Trip Report - 10-18-20

When I first imported Nissin Pro Square Super Tenkara rods for evaluation seven years ago, I ordered a number of their 6:4 and 7:3 rods. I also imported one of their Level Line rods - not the Tenkara Level Line rod released a couple years ago, but the Level Line version of the Pro Square Super Tenkara rod.

I decided not to carry the Level Line rod, thinking most people would prefer a rod that was not quite so full flex. The Level Line 320 has the same penny rating as the 6:4 320, but it is definitely more full flex.

A few weeks ago, when I was ordering more of the Nissin Pro Square 6:4 320, which I offer as a Kid's Rod, I noticed that the Pro Square Level Line rod has a thicker rod tip than the 6:4. The tips of the Daiwa and Shimano level line rods are thicker because they are hollow. I couldn't remember if the Pro Square rod tip was solid or hollow, though. I really like the way hollow tip rods cast so I had to order one to find out.

When I received the rod I discovered that it has a solid tip (which I had expected based on the low price). However, when I took the rod out for a trial run the following weekend I was not disappointed. Not at all.

Angler holding small brook trout and Nissin Pro Square Level Line rod.

It was the last weekend before most streams in New York closed for the season, so I just had to make a trip to the Catskills for some small stream brookie action.

With a hi-vis size 3 level line a foot shorter than the rod, five feet of hand-tied leader tapering from size 3 to size 1 (equivalent to 4X) and then a couple feet of 5X tippet, the rod performed beautifully. I was reminded again of a comment John Vetterli of the Tenkara Guides LLC had made years ago. I don't remember his exact words, but the gist of it was that the right line to fish with a rod is the line that loads it the best. With a size 3 line, I could feel the rod load as I started my forward cast.

It actually felt a lot more like a fly rod casting a fly line than a tenkara rod casting a tenkara line. Generally with a tenkara rod, most of the loading is from the rod's own inertia because the line weighs so little.  With a soft enough rod, though, you definitely can feel the line load the rod. Watching the cast, I could see the deep bend in the rod as I made the forward cast. Very smooth. Very nice.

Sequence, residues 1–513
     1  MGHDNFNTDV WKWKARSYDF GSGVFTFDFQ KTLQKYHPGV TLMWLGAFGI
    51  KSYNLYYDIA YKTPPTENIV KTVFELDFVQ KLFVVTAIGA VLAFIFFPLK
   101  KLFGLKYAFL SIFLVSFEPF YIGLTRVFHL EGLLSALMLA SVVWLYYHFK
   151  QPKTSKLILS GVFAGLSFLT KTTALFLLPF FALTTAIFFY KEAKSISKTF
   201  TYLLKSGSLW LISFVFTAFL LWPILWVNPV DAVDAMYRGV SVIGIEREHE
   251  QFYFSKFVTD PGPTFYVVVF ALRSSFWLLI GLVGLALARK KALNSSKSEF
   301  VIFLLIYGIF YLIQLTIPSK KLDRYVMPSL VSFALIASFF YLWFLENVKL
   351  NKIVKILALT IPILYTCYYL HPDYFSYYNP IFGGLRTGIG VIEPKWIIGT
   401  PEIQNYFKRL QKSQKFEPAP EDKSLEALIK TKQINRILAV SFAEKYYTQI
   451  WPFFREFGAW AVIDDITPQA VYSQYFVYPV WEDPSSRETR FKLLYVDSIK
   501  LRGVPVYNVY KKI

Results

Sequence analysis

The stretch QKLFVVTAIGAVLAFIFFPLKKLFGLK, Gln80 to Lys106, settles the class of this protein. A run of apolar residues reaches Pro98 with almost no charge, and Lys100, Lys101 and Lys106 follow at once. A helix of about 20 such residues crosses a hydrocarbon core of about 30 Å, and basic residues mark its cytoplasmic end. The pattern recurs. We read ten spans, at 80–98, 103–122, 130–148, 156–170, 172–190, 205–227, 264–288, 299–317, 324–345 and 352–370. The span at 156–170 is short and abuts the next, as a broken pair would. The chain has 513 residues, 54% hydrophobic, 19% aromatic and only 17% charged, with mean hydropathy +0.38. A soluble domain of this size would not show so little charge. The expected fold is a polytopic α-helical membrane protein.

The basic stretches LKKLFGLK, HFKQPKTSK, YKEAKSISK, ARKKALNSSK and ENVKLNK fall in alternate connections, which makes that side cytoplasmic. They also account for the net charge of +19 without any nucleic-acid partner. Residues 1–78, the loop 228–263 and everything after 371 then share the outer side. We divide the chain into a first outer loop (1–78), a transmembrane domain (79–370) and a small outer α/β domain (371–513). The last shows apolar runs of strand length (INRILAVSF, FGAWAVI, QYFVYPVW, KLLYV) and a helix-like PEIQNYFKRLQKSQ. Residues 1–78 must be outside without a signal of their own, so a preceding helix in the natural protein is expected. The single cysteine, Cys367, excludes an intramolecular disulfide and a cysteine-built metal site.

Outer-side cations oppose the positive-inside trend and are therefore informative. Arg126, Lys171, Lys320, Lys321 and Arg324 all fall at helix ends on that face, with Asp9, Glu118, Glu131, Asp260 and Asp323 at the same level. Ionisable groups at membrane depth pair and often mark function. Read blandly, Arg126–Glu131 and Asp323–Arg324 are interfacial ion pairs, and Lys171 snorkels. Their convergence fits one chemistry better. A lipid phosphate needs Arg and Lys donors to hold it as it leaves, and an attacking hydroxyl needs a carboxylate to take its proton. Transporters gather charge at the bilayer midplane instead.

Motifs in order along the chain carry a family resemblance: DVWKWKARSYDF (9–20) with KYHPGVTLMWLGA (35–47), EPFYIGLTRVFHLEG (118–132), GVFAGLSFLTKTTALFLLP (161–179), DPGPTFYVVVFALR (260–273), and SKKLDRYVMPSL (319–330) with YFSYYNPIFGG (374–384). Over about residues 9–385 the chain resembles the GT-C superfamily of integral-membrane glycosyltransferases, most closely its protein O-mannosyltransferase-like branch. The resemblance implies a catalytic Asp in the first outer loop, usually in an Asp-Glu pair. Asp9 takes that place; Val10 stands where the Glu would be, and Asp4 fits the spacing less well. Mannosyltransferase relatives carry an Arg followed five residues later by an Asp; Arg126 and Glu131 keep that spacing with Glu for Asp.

I also fished with a size 2.5 line for a while. The rod will cast a 2.5 line just fine but it loads better with a size 3. I didn't try a 3.5, but I am sure it would feel a bit too heavy.

Brown trout in net. ProSquare Level Line rod resting on net hoop.

After having fished with the Pro Square Level Line 320 a couple times now, I still suspect most people would prefer a faster rod. After all, 7:3 rods consistently sell better than 6:4 rods. I am confident that 6:4 rods would sell better than Level Line rods. I don't think any manufacturers even label rods as 5:5 anymore. Tenryu, Daiwa and Nissin have rods labeled "Level Line," though.

I can't prove it, but I suspect that the Nissin Royal Stage 6:4 320 is more accurate than the softer Pro Square, and I suspect the Zerosum 6:4 320 is more accurate than the Royal Stage. Realistically, all of them are capable of more accurate casts than the average angler can manage, though, so the choice should be made on a combination of preference (either slower/softer or faster/firmer) and budget.

The Pro Square rods are not expensive rods, and I am seriously considering carrying them again to give budget-minded anglers the choice of a much better rod than the cheapo Chinese rods beginners often turn to solely because they're less expensive than the well-known brands.

Small brown trout held at water's surface.

One serious disadvantage of the cheapo rods is that they are uniformly on the stiff side. They tend to be sold with furled lines, because the heavier furled lines are necessary to get the rods to cast even reasonably well.